A federal judge in San Jose, California, on Monday refused to approve a class action settlement in litigation over a series of Yahoo data breaches, citing a lack of transparency and the possibility of “unreasonably high” attorney fees.
U.S. District Judge Lucy Koh cited several problems with the proposed settlement, including a failure to adequately disclose the size of the settlement fund and settlement class. The opinion is here.
Koh was considering a settlement agreement that covered the federal multidistrict litigation before her and parallel litigation in California state court. The Recorder, Reuters, Courthouse News Service and Ars Technica have coverage.
The plaintiffs had proposed a $50 million settlement fund, but the proposed notice to class members did not disclose the costs of creditor monitoring services or costs for class notice and settlement administration, Koh said.
The proposed settlement authorizes attorney fees of up to $35 million, to be paid separate and apart from the settlement fund. Because fees don’t come from the fund, an award of less than $35 million would mean the leftover amount would revert to the defendants rather than to the benefit of the class, Koh said.
That wasn’t the only problem Koh had with the fees. Class counsels calculated fees for 143 attorneys from 32 firms, including 24 firms working on the multidistrict case before Koh and eight firms working on the state case. Yet Koh said she had given approval for just five law firms to work on the multidistrict case.
Koh said the scope of class counsels’ work in the federal case “was substantially limited by the parties’ agreement that California law governed and by the small number of counts in the complaint, many with overlapping elements.” In addition, Koh said, “the legal theories involved were not particularly novel.”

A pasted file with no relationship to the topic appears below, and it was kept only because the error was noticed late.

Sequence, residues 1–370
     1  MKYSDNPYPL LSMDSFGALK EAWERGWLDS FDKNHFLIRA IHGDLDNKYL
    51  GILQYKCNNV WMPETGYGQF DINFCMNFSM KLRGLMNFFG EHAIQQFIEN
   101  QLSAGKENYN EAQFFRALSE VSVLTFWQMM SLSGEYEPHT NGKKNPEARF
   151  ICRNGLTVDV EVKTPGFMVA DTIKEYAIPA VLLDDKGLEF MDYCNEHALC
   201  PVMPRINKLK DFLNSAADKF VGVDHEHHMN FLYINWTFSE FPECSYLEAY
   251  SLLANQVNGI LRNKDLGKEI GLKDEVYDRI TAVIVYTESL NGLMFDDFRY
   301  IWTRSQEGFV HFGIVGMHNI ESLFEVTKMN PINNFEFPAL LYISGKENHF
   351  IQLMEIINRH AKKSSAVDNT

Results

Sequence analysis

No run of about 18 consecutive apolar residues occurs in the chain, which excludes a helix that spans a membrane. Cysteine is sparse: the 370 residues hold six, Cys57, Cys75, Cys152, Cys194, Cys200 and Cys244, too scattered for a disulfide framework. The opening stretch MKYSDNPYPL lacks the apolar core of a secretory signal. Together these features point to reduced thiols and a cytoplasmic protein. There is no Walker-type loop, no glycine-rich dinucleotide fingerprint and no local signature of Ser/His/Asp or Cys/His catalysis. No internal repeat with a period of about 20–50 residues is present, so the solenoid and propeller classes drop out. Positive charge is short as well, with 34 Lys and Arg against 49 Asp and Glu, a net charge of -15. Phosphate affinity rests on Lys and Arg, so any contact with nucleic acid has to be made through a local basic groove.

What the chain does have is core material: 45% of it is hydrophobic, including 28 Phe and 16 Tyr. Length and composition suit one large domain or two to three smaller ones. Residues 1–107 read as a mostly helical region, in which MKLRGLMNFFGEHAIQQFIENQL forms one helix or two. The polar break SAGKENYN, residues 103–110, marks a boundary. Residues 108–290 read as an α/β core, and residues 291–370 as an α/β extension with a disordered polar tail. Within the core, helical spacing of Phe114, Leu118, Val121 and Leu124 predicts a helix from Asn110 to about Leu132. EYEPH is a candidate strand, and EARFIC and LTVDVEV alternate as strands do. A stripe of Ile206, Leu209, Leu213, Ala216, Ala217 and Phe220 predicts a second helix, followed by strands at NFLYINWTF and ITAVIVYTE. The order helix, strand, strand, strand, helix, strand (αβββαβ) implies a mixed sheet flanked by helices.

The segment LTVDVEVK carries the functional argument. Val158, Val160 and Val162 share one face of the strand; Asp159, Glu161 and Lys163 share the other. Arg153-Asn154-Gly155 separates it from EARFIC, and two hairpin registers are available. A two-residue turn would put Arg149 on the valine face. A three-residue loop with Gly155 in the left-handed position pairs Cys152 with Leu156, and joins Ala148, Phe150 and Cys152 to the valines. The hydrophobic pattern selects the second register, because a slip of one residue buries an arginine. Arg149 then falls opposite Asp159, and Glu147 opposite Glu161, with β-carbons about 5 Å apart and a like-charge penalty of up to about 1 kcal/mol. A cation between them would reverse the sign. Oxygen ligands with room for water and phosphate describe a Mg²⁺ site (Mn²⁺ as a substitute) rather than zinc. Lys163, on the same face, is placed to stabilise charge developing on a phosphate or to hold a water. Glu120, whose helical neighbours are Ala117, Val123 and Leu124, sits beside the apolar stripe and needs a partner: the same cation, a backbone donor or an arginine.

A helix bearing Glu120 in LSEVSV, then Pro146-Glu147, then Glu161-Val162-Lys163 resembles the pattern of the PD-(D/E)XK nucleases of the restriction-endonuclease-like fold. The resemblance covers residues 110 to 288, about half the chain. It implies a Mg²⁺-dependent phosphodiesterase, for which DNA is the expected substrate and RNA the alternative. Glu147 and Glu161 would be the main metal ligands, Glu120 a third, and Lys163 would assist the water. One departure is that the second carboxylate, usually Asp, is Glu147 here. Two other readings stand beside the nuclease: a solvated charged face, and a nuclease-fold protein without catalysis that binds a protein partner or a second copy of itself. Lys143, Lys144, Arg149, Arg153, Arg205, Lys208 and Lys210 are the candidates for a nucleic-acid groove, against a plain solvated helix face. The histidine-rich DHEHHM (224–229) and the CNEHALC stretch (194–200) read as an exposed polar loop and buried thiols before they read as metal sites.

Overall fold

Court filings were few, and discovery was limited, Koh said. “Specifically, the court finds that class counsel prepared limited legal filings with numerous overlapping issues, and that class counsel completed limited discovery relative to the scope of the alleged claims,” Koh said. “Moreover, class counsel fails to explain why it took 32 law firms to do the work in this case.”
The proposed attorney fees amount to 40 percent of the total payout, which consists of the fees, the $50 million settlement fund figure, and $2.5 million allotted for attorney costs and expenses, Koh said. That’s much higher than the 25 percent benchmark standard governing her court, she said.
Kohn tallied the court filings by class counsels and summarized the discovery.
Federal court filings by class counsels consisted of a complaint, an amended complaint, opposition to two motions to dismiss, a motion for class certification, and a motion for preliminary settlement approval. Class counsels also prepared four expert reports, took seven Yahoo depositions, and reviewed 9 million pages of discovery.
Class counsels in the state case filed a complaint, opposed a motion to stay, opposed a demurrer, and filed a motion for class certification.
Yahoo has acknowledged that its entire user database was for sale on the dark web in 2016, and Yahoo purchased it using bitcoin. As a result of the hacks, Verizon got a $350 million discount when it purchased Yahoo’s internet business in 2017.
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